In this clip from the Industry Focus podcast, Motley Fool analysts Dylan Lewis and Michael Douglass talk about finding the best credit card for you -- how long it takes to research, what some of the best rewards programs offer, how to take advantage of introductory bonuses, and more.
Continue Reading Below
A full transcript follows the video.
10 stocks we like better thanWal-Mart
When investing geniuses David and TomGardner have a stock tip, it can pay to listen. After all, the newsletter theyhave run for over a decade, the Motley Fool Stock Advisor, has tripled the market.*
David and Tomjust revealed what they believe are theten best stocksfor investors to buy right now... and Wal-Mart wasn't one of them! That's right -- theythink these 10 stocks are even better buys.
Click hereto learn about these picks!
*StockAdvisor returns as of December 12, 2016
The author(s) may have a position in any stocks mentioned.
Continue Reading Below
This podcast was recorded on Jan. 13, 2017.
Dylan Lewis: One of the other ones that we share is spending a little bit more time thinking about credit cards. I know that I charge probably about 90%-95% of my purchases. Are you similar? Or do you just have a lot of expenses that I put on credit cards?
Michael Douglass: The only thing I don't put on credit cards is rent, because we can't.
Lewis: If only.
Douglass: That's the dream, right there. But my place requires checks. But that's pretty much the only time we pull out the checkbook.
Lewis: Are you very conscious of the rewards you get with your credit cards? Or is it something you've given a lot of thought to before?
Douglass: It's something that I've thought about a little bit on and off. But this year, I committed to actually doing the math and figuring it out, and figuring out what I was getting. One of the nice things about it is that this is really a relatively low time cost thing. It's not the sort of thing that's an hour or three a month. It's really like two or three hours of focused research, and then just doing the math. In looking at it, it looks like my credit card is, if not the best one for me, very close to it. So, particularly given the benefits of keeping that card long term for showing credit history, it's the card I want to stick with for now.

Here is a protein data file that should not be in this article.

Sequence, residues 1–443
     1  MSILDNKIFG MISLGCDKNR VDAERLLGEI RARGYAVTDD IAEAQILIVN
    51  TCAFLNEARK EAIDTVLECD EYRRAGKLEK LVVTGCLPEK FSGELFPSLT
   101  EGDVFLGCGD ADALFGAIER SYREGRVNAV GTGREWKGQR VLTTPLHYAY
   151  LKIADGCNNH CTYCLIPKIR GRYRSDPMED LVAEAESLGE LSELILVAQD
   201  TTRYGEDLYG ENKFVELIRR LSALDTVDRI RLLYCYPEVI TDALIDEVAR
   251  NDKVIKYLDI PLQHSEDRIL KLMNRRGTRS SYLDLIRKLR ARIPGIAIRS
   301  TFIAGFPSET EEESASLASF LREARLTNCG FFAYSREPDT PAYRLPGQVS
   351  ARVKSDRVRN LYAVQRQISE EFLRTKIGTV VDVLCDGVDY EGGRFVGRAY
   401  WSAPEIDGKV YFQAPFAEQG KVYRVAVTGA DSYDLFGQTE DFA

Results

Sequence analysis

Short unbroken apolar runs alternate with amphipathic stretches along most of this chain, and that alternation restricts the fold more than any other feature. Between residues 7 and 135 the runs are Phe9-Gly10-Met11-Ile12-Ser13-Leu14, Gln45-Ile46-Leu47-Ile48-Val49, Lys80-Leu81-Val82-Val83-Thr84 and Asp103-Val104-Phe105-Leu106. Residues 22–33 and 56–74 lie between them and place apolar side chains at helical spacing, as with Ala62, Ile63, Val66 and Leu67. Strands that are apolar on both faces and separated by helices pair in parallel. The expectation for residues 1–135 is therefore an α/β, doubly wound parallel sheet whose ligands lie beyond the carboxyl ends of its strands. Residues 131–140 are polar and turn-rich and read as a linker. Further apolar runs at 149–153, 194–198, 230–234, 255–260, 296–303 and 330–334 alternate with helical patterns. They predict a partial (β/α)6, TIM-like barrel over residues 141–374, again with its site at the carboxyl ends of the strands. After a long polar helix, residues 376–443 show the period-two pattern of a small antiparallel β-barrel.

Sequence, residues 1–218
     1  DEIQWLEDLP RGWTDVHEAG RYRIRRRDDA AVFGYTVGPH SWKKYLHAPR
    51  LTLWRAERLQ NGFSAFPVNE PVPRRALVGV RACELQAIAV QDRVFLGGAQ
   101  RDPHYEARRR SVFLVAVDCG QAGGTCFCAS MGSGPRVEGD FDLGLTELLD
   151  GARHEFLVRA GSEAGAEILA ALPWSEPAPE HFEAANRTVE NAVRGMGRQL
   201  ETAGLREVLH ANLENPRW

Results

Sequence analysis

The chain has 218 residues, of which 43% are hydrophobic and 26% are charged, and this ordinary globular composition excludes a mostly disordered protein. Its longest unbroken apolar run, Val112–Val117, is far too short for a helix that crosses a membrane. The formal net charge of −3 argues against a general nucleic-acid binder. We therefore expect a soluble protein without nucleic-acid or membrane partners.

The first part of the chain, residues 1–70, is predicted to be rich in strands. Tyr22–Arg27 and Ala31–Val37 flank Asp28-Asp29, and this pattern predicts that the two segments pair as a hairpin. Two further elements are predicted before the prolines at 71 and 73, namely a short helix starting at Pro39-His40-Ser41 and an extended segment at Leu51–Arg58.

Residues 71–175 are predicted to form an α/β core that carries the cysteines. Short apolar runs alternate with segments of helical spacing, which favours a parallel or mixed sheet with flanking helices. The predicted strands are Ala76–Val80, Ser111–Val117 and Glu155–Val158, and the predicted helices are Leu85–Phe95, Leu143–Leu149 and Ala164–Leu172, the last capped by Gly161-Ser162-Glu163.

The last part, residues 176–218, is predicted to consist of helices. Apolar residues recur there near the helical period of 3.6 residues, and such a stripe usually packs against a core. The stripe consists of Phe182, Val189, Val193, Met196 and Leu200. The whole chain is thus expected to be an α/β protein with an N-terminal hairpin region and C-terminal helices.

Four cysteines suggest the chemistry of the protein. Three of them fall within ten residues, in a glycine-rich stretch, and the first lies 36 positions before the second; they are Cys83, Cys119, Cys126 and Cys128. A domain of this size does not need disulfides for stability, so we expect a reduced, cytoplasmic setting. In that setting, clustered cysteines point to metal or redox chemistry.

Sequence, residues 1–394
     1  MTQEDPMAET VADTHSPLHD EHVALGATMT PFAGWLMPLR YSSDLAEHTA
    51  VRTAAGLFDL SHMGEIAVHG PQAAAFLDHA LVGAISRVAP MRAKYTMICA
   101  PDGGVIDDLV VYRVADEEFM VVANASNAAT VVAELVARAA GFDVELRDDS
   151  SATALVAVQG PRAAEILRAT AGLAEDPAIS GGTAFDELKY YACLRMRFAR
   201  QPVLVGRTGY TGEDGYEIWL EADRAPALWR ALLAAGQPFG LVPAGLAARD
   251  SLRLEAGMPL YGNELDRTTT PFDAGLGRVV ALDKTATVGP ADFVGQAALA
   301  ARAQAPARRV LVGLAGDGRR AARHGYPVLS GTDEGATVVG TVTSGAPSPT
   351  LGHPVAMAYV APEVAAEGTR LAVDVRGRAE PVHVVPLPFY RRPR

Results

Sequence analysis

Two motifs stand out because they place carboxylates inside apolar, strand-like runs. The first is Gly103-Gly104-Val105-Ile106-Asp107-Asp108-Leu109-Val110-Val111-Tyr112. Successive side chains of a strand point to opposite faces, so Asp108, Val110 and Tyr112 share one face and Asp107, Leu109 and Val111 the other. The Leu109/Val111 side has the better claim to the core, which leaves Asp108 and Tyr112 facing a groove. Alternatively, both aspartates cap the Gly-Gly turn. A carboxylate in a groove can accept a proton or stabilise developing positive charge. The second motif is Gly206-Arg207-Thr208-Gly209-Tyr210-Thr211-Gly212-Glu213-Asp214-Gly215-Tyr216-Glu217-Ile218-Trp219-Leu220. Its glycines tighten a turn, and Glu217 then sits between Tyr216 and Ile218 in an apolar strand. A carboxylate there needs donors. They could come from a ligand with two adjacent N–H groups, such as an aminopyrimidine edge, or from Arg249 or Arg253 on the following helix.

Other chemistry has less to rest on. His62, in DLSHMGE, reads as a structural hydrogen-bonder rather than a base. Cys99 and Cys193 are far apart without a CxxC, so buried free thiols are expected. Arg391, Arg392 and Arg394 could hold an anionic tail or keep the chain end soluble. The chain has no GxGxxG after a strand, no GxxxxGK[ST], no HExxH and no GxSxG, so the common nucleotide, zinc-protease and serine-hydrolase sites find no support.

Lewis: I briefly investigated this, and that was what caused me to prioritize it for 2017. I charge most of my stuff, and I have a no annual fee rewards card. That's fairly basic, fairly bare bones. I get about 1.8% back, which isn't bad, it's nothing to sneeze at. Because it's no annual fee, and because it's with a bank that I've used for such a long time, I really haven't thought about it much. I did a little hunting, and saw that really, there are a lot of cards out there that offer similar, if not better, rewards rates, and have pretty nice intro bonuses if you hit certain spending thresholds within the first three months. Those bonuses are generally to the tune of $400-$650 in travel credits. Some of them are directly usable as cash, some of them are bookable, it depends on the card and the terms, which is a whole other conversation.
Douglass: Your mileage may vary.
Lewis: What I basically realized was, with my current spending habits, it wouldn't be very difficult for me to hit those spending thresholds and enjoy a nice $400-$650 toward whatever vacation I want to take in the summer, and throughout the year, enjoy a higher rewards rate. Second year, of course, annual fees will kick in on some of those cards, and that plays into the calculation. But one of my priorities for this year is to look at that field of slightly more rewarding cards and see what makes the most sense for me.
Douglass: Totally. Those intro bonuses are exactly to entice you to move cards, so there is a serious benefit to it, particularly if they waive the annual fee for the first couple years.
Lewis: Which they are always happy to do for new customer acquisition.
The Motley Fool has a disclosure policy.